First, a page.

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Toni

Director Jean Renoir demonstrates how to make a great film that draws nothing from prestige literary or theatrical sources but everything from life itself. Renoir based his script on a newspaper crime story whose details he found in police files. The results make for a stark yet sensual melodrama about love and sex, jealousy and murder. Toni (Charles Blavette) is an Italian immigrant who is married to Marie (Jenny Helia) but loves Josepha (Celia Montalvan), a married Spanish woman who in turn loves Gaby (Andrex). Tragedy threatens when Josepha kills her husband. Neither romanticising nor glorifying his characters, Renoir accepts them as they are and follows their unpredictable movements. Like many of the director’s films, it’s an exploration of freedom, a notion Renoir applies to the filmmaking process itself. For me, he said, Toni was an opportunity to escape the idiotic conformity typical of many people running our industry. In other words, it was the freedom of body and mind without which no one in the world can do a job.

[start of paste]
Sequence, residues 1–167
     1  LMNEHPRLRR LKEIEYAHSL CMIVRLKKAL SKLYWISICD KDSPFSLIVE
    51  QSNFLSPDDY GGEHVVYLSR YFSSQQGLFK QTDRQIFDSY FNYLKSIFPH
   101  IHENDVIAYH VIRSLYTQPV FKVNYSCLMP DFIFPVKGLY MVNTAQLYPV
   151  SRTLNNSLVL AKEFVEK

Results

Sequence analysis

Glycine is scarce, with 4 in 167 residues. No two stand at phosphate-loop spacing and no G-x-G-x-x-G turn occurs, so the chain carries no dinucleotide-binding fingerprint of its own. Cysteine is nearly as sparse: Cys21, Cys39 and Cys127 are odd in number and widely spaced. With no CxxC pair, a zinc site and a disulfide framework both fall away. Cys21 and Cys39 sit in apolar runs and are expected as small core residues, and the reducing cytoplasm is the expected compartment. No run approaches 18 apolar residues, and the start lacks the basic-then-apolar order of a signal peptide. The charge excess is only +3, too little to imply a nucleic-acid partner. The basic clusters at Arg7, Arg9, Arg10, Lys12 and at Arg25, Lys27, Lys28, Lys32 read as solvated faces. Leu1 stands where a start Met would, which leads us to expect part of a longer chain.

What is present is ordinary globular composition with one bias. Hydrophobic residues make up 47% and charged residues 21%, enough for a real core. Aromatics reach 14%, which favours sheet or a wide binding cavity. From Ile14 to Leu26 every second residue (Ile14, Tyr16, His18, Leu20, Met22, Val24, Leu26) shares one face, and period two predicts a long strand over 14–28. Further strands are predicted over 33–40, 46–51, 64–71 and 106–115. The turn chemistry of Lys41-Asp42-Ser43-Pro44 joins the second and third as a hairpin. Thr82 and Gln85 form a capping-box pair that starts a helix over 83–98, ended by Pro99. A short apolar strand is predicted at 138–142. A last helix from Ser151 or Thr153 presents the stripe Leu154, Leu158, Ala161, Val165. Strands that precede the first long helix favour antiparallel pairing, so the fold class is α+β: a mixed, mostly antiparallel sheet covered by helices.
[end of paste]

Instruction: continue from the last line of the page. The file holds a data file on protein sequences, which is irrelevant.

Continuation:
France, 1934.
English subtitles.
Black and white.
100 mins.

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